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Home / Education / News /  The evolution-religion controversy will never go away: Douglas Futuyma

Douglas Futuyma, distinguished professor at Stony Brook University, New York, is among the world’s leading evolutionary biologists. The author of several books refuting intelligent design—the proposition that the complexity of life emerged from divine intervention—spoke in an interview during a visit to New Delhi on 12 April about evolution and the future of disease. Edited excerpts:

How do you refute the arguments of intelligent design and defend the idea that complex life as it now exists came out of a single organism that reproduced and proliferated through natural selection and other methods of evolution?

There is a perception that evolution denies God. If you want to convince people that evolution is real and it accounts for everything we see, the strategy to take is not Dawkins’s strategy. (A reference to Richard Dawkins, a strident atheist and one of the most vocal defenders of evolution). The controversy will never go away and I don’t know what to do about it. There are countless people who have religious beliefs and accept evolution. One of my own former students is a very good evolutionary biologist and is quite a devout Catholic.

Are you a believer?

I’m not going to answer that. If I did then that would tend to colour the issue in a particular way and affect people’s reactions to whatever I have to say. The point is that as an empirical fact, people are able to reconcile evolution and religion. Usually, the way this is done, is the way the Roman Catholic Church does and that is to say there is a God and he created the rules and gave energy and he left it to develop on its own. These are the rules that science then tries to discover. I really don’t know if any religious person really believes that every biochemical reaction which is happening in my body is being controlled by God. Why should conflicts between religion and God exist only in biology? Why should astronomy or physics and chemistry not be in equal conflict with God as much as biology. The argument is that organisms are too complex to be explained as having evolved by natural processes. However, the genesis of that argument almost always relies on religious motivation. You would, for instance, rarely find an atheist who’d say that evolution is too complex to be explained by natural processes, and therefore reject it.

But then, would you be able to satisfactorily explain using ideas of evolution—how life or the first organism arose out of inanimate chemicals?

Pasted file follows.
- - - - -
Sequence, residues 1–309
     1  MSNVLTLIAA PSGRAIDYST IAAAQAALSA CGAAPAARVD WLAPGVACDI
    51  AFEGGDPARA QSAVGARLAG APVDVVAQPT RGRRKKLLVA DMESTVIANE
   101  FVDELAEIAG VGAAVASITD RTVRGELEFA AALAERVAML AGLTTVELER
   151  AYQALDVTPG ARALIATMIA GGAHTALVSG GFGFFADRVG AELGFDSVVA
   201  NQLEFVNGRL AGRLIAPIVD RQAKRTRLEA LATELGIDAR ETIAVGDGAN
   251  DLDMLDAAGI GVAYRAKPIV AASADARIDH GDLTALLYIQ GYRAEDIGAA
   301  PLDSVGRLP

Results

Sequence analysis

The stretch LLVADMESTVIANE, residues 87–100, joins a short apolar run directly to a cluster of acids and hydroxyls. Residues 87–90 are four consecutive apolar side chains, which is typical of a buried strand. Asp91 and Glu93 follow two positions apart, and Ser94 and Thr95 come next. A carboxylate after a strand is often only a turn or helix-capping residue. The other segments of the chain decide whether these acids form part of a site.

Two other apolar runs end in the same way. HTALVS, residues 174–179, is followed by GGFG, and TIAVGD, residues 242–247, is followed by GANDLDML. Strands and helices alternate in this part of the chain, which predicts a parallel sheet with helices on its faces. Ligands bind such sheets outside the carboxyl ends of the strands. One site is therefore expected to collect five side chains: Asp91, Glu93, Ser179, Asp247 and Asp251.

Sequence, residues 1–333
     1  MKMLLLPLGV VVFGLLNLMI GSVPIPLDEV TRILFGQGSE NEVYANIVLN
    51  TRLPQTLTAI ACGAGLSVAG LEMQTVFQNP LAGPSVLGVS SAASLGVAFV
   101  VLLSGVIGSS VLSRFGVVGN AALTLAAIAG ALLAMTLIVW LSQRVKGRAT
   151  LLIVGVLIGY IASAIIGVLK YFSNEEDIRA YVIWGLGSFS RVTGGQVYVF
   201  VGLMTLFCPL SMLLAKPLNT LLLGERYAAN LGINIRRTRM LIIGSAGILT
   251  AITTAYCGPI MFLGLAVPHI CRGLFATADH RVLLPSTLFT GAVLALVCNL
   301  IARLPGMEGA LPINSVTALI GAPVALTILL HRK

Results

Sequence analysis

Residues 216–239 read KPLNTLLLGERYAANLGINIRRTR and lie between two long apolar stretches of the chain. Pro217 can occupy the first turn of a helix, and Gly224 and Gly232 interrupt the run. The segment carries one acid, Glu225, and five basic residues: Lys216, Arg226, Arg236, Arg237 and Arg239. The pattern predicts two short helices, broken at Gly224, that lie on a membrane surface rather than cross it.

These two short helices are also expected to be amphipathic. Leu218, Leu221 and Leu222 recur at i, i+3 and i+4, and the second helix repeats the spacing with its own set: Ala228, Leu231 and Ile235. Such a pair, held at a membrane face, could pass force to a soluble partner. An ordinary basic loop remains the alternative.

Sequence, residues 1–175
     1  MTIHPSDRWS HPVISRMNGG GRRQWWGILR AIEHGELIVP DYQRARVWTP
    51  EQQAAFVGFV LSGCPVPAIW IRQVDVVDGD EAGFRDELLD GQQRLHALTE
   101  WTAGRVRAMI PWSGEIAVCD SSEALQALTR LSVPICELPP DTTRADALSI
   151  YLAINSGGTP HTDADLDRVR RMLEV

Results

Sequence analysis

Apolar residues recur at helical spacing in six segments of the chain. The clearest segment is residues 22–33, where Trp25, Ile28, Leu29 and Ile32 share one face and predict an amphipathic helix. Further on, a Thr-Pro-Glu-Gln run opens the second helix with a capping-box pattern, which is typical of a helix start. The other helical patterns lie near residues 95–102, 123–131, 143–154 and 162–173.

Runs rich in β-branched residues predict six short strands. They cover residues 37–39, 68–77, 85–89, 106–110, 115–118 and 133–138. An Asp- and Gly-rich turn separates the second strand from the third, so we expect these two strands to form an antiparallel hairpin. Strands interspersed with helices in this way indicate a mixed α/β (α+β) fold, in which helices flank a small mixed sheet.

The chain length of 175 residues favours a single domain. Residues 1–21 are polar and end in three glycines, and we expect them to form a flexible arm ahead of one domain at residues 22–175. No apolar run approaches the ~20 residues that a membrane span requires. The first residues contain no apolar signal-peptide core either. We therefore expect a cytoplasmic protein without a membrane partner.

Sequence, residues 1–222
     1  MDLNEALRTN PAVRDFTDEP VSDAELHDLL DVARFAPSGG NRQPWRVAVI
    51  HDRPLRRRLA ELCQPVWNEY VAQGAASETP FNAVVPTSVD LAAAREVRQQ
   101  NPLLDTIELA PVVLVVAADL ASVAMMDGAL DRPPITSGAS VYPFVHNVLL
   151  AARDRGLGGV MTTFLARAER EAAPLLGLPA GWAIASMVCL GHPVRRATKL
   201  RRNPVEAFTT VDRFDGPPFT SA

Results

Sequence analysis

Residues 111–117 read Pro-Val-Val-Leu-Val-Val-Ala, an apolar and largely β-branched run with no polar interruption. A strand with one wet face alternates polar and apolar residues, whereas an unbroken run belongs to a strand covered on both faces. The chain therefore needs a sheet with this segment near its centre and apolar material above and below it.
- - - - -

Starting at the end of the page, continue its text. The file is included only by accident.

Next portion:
In principle yes, but that’s a question for chemistry. There is no biology unless and until you have life and I’m no expert in chemistry. However, those who do work in that area believe that there must have been an origin of life through some natural processes. In the beginning you couldn’t have had natural selection because for that you have to inherit something.

So you can imagine that there were molecules that were stable enough and make copies of themselves and there would be variation among them because no complex molecule can make perfect copies of themselves. There are experiments that show that natural selection can come about in a purely chemical system, but it’s a chemical system made up of pieces taken from living organisms. But of course you can ask how does that come about and for that you need to go back (to the chemists).

At the other end, when we refer to humans, can natural selection explain how something like the human brain, associated with consciousness and the mind, can come about? Or are these questions outside the realm of biology?

Well, it must be one of the most difficult questions that has to be explained but any phenomenon obviously deserves to be explained. There are things that don’t exist in the DNA, which are nevertheless the products of biological processes like cell membrane structure. I think the ability to reflect on ourselves, which I guess is part of what you call consciousness or intelligence, will result out of processes that natural selection seems to favour. The argument here is that in social species (such as ants, wasps, primates that cooperate with one another) there are more and more opportunities for intelligence to be exercised.

Given that evolution never stops, what does it mean for diseases and our responses to them?

One of the most far-reaching consequences of evolutionary biology is our understanding of how organisms evolve defence mechanisms to protect themselves.

So, whether it is studying drug resistance or controlling the emergence of more resilient pests, the best way is to use a combination of techniques. So if you just use pesticides that’s bad strategy because the sheer variety of genes means that some of them may survive and reproduce to develop offspring for which we have no drugs. So you would have to use a combination such as rotation of crops, different kinds of pesticide and fungicide etc.

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